Cold Fusion: The Latest Insane Idea in Monetary Policy

Cold fusion used to be a zany term in the physics lab for generating endless cheap energy. Alas, no longer. Now it is the latest nutty idea from economists to create endless amounts of free money. Hold onto your wallets, this is an idea from the twilight zone.

World-wide, central banks have engineered 635 interest-rate cuts since the financial crisis of 2008 and purchased more than $23 trillion of assets, primarily sovereign bonds, according to Bank of America Corp. Nonetheless, the global economy is sliding into recession. Again this month, the IMF and other major international agencies have cut global growth estimates. So, when a policy of flooding the financial system with cheap money clearly doesn’t work, whether in Japan or Europe or America, what do you do? Why, more of the same of course! Are you kidding me?

According to Stephen Englander, global head of currency strategy at Citicorp., the answer is to focus policy more on boosting demand rather than just increasing liquidity in the hope that consumers and companies will find a need for it and borrow more. He advocates what he calls “cold fusion” in which politicians would cut taxes and boost spending with central banks covering the resulting rise in borrowing by purchasing even more bonds. “The next generation of policy tools is likely to be designed to act more directly on final demand, using persistently below target inflation as a lever to justify policies that would be anathema otherwise,” Englander said. I have news for Steve; they are anathema now.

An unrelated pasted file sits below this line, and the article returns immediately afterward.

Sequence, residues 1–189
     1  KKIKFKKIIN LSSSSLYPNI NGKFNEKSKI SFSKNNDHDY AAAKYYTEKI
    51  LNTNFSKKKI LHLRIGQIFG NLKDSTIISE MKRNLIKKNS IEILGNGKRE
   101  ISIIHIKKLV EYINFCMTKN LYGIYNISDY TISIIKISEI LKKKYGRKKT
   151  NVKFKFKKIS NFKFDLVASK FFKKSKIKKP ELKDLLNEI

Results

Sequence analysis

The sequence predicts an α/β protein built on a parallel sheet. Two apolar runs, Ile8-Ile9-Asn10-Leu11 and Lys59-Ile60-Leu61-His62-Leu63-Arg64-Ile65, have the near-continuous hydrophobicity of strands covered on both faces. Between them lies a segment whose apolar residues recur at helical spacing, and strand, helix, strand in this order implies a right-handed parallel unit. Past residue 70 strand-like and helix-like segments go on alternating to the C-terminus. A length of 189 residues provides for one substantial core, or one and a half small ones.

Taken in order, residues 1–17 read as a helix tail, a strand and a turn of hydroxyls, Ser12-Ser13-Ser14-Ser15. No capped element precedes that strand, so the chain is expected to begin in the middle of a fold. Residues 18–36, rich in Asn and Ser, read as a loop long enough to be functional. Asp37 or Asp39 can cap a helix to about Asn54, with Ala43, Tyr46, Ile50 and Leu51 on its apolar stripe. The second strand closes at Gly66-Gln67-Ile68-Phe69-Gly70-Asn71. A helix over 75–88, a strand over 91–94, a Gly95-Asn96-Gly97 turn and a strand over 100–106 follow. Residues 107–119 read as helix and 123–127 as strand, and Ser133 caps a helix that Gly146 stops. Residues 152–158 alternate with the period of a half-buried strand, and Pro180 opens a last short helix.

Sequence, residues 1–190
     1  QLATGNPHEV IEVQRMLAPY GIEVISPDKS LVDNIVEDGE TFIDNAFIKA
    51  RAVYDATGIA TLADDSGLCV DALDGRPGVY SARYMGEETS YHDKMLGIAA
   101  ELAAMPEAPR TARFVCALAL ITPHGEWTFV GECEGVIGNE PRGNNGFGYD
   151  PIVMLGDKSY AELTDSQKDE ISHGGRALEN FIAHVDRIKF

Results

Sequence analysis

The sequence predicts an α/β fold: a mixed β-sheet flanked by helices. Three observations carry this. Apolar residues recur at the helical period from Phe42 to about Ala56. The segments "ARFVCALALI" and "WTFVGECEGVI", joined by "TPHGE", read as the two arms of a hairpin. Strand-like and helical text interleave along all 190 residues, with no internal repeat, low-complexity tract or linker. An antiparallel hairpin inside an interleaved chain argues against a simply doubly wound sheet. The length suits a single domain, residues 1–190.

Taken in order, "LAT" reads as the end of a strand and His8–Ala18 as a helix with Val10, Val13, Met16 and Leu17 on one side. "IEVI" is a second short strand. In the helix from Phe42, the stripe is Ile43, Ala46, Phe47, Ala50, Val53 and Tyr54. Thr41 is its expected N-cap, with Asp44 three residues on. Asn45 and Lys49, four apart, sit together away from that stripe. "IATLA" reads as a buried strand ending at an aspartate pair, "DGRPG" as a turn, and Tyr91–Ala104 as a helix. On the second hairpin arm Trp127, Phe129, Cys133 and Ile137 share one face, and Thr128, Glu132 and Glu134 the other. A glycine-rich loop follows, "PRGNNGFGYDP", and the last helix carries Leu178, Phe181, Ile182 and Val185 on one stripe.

In a similar vein, Hans Redeker, head of global foreign exchange strategy at Morgan Stanley, says it’s time for central banks to begin using Quantitative Easing to buy private assets having previously focused on government debt. “I would actually look into the next step of the monetary toolbox,” Redeker said in a Bloomberg Television interview. “We need to fight demand deficiency.” He wants to put more money directly into the hands of consumers.

Dear reader, please understand what this means. To boost the economy, they are prepared to destroy the currency. What is more, curing the problems of too much debt with more debt is why the economy is slowing down in the first place. Encouraging borrowing and consumption–fighting demand deficiency, as Redeker calls it—is working in precisely the wrong direction. Savings and investment drive growth, not consumption.

Cold fusion= more confusion. My answer is gold, something they can’t print. Keeping money in the bank is a bad idea as I will explain tomorrow.